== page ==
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Central bank gold purchases set an all-time high: Why aren't bullion prices rising?

By Piero Cingari

16:22, 1 November 2022

Gold Business Investment Ideas and Gold Trading, Banking and Business.
3D Show of Lots of Shiny Gold Bullion Bars with Charts – Photo: Shutterstock

Central banks purchased a record amount of gold in the third quarter of 2022, according to the most recent gold demand trends statistics provided by the World Gold Council.

The official sector bought a net of 400 tonnes of gold in Q3 2022, which was 115% more than in Q2 and more than four times as much as in Q3 2021. It is the greatest demand for gold from central banks in a single quarter since the WGC series began, and nearly double the previous record of 241 tonnes set in the third quarter of 2018.

With a quarter still missing, 2022 is already the best year ever in terms of net gold purchases by global central banks.

Everything appears to shine for gold, but what are then the factors that continue to keep the metal's price depressed and 10% lower year to date?

Chart: Gold net purchases by central banks

Tonnes of net gold purchases by global central banks. Quarterly data.The official sector bought a record amount of tonnes of gold in Q3 2022. – Photo:, Source: WGC

The bulk of the increase in the global central banks’ net purchases of gold came from a couple of emerging market institutions.

Turkey remained the largest reported gold buyer this year. It added 31 tonnes in Q3, lifting its gold reserves to 489 tonnes (29% of total reserves). The Central Bank of Uzbekistan continued to build its gold reserves, buying another 26 tonnes in Q3. The Qatar Central Bank was also a significant buyer in Q3.

The Reserve Bank of India continued with its long-standing gold purchasing strategy in Q3. It bought 13 tonnes in July and 4 tonnes in September, pushing its gold reserves to 785 tonnes.

According to the WGC survey, one-quarter of respondents stated their intention to increase gold reserves in the next 12 months (up from one-fifth in 2021).

The gold purchases made by central banks around the world constitute only a portion of the total demand for bullion, which also includes the consumption of jewellery, investments in gold bars, coins, ETFs, and technology.

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Chart: Gold demand breakdown (Q3 2022 vs Q3 2021)

A chart showing Gold demand by sector (central banks, jewellery, investments and technology). Q3 2022 vs Q3 2021.Sectoral breakdown of gold demand (central banks, jewellery, investments and technology). Q3 2022 vs Q3 2021.Photo:, Source: WGC

Gold ETFs continue to register outflows

The fundamental cause for this year's negative gold price performance is due to large investor outflows from gold ETFs.

In the third quarter, the investment climate for gold was dominated by broad, multi-decade high inflation and its effect on interest rates. Global financial conditions have tightened further, and the Fed has raised interest rates at the fastest rate in history, pushing US real yields to their highest levels since the Great Financial Crisis.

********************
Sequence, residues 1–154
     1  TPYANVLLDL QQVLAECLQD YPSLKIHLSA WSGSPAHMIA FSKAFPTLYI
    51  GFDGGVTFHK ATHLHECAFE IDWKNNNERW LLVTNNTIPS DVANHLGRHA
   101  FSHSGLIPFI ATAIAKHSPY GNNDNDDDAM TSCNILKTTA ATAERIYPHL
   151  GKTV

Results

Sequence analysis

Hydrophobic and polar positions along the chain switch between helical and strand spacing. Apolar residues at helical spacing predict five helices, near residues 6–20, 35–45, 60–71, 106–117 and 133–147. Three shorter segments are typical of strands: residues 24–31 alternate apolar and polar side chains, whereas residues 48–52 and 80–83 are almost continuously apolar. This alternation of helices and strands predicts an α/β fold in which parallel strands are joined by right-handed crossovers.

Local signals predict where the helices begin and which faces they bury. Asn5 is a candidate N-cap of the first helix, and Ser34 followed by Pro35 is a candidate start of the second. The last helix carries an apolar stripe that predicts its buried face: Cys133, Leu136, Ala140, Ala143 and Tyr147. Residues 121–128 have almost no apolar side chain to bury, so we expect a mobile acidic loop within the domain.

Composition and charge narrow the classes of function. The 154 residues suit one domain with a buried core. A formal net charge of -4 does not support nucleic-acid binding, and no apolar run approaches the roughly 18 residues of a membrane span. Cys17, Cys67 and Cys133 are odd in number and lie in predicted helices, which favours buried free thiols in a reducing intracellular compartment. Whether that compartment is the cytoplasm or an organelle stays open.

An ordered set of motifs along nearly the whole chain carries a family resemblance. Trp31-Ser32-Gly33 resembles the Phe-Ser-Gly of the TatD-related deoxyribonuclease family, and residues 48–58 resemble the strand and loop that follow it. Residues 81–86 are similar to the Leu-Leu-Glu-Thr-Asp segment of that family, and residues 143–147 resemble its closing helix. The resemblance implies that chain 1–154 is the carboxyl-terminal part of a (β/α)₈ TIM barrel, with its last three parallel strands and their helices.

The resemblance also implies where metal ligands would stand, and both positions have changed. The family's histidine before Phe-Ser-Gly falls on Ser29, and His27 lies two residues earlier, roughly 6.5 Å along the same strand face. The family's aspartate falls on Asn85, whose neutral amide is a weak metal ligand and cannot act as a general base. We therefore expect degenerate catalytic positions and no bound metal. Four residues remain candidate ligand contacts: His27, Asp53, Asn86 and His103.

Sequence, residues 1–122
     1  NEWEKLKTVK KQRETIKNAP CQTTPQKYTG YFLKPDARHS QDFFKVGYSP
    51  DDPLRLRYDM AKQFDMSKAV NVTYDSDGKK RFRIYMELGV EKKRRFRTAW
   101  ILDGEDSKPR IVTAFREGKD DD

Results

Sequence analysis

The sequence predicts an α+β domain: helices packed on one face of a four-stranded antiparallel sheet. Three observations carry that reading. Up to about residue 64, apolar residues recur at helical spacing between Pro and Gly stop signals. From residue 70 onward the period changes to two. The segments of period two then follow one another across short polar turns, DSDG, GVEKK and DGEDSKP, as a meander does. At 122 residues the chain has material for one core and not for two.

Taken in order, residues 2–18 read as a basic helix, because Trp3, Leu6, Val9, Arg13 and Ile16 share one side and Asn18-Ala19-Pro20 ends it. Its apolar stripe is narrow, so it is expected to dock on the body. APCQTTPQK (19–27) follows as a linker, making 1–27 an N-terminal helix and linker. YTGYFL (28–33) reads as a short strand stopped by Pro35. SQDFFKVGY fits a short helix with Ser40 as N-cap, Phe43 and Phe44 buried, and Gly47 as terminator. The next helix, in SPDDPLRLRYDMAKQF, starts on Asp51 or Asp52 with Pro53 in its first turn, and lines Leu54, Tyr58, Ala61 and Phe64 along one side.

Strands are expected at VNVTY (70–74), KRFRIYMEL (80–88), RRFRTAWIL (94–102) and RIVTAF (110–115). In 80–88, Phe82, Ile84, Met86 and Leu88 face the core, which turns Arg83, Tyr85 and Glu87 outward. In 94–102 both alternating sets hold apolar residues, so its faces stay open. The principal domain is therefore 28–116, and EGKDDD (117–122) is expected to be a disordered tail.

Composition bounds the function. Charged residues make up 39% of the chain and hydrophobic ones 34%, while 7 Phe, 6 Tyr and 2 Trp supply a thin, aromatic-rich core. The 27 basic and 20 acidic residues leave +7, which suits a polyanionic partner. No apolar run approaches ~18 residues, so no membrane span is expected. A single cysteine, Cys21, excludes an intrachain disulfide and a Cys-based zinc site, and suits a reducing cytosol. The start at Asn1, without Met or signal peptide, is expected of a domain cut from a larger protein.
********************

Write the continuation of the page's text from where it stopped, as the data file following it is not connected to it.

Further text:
1.08 Price
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0.67 Price
-0.050% 1D Chg, %
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157.30 Price
+0.260% 1D Chg, %
Long position overnight fee 0.0108%
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While central banks throughout the world raised interest rates significantly and the US dollar rose in value, gold ETF investors trimmed their holdings as they positioned elsewhere given gold's rising opportunity cost.

During the third quarter, global gold ETFs experienced redemptions totaling 227 tonnes (US$12 billion), bringing the total gold holdings of all ETFs to 3,548 tonnes (US$191 billion) as of the end of September.

It’s the fifth straight month of outflows in gold-backed ETFs, which has nearly completely reversed the 316 tonnes of inflows that occurred from January to April. Inflows into gold ETFs now total just 7 tonnes since the start of the year.

Gold fundamental analysis: Stuck in a downtrend until the Fed pivots

Gold daily chart showing a descending channel trend vs US dollar index showing an ascending channel pattern– Photo:, Source: Tradingview

The fundamental factors impacting on gold have not subsided materially, and bullion prices remain stuck in a downtrend.

Year-to-date performance is down 10%, while the drop from the peak in March is about 20%, indicating that gold is in a bear market.

The gold price outlook for the upcoming months hinges on the Federal Reserve's willingness to continue raising interest rates and tightening monetary policy. 

The market will focus on the Fed's next actions at its FOMC November meeting, with investors already pricing in a 5% rate peak in March 2023, followed by a drop to 4.6% by the end of 2023.

Hawkish surprises on this front, with a Fed eager to raise more than the market anticipates, may revive interest in the dollar and increase treasury yields, which would be negative for gold.

Gold prices may test their year-to-date lows near $1,614/oz if the Fed leaves the door open for another 75bps raise in December and fights back against dovish repricing for next year.

In contrast, if the Fed were to signal a slowdown in the pace of hikes and raise warnings on the economic outlook, it would benefit precious metals, which would experience a rebound in the investment demand that has been sorely absent in 2022.

Markets in this article

2357.47 USD
6.72 +0.290%
US Dollar Index
104.352 USD
0.13 +0.120%

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